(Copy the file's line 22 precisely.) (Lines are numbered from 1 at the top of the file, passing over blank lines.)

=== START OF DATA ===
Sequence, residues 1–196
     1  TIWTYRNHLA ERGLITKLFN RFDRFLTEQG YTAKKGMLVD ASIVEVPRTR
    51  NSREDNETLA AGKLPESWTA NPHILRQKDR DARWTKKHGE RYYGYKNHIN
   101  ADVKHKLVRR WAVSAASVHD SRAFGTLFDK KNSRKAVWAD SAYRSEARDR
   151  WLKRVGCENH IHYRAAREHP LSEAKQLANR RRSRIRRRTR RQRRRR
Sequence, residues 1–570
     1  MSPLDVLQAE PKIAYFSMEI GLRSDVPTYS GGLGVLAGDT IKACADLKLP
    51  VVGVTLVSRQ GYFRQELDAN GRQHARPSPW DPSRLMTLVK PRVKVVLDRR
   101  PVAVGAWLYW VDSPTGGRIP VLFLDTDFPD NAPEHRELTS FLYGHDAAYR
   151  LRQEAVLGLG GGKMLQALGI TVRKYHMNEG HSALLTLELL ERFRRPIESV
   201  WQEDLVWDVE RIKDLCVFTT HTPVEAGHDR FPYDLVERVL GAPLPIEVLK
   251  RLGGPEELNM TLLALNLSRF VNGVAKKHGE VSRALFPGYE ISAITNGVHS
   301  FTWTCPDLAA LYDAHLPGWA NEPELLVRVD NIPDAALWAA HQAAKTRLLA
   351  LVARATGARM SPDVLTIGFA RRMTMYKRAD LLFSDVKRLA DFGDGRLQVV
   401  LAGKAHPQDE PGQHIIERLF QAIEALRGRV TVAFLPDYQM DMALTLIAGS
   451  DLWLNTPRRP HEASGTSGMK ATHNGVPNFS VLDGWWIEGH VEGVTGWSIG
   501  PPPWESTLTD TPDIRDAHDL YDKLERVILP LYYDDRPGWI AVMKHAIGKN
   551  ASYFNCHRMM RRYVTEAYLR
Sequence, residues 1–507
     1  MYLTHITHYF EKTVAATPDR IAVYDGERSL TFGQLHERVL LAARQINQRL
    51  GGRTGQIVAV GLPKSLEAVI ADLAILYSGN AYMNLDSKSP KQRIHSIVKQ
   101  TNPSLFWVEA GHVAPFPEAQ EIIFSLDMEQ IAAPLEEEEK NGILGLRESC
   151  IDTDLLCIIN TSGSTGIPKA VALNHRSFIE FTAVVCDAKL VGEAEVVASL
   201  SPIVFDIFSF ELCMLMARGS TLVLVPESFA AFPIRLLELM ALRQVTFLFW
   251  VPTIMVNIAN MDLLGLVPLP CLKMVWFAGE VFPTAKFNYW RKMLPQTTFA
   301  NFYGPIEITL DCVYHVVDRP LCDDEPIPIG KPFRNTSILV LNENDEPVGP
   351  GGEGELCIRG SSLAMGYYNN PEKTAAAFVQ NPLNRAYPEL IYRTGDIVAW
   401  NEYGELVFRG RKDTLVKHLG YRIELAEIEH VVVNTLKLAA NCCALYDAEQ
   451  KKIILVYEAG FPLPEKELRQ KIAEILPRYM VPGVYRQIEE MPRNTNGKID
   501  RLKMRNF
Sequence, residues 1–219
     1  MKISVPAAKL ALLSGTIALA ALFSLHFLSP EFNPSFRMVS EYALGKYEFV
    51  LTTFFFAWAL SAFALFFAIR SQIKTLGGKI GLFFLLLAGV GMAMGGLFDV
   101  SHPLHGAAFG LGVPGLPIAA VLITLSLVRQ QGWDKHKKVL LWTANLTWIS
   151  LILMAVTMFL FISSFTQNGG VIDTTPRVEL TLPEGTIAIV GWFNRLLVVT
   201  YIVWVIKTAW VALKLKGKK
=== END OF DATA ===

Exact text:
   101  TNPSLFWVEA GHVAPFPEAQ EIIFSLDMEQ IAAPLEEEEK NGILGLRESC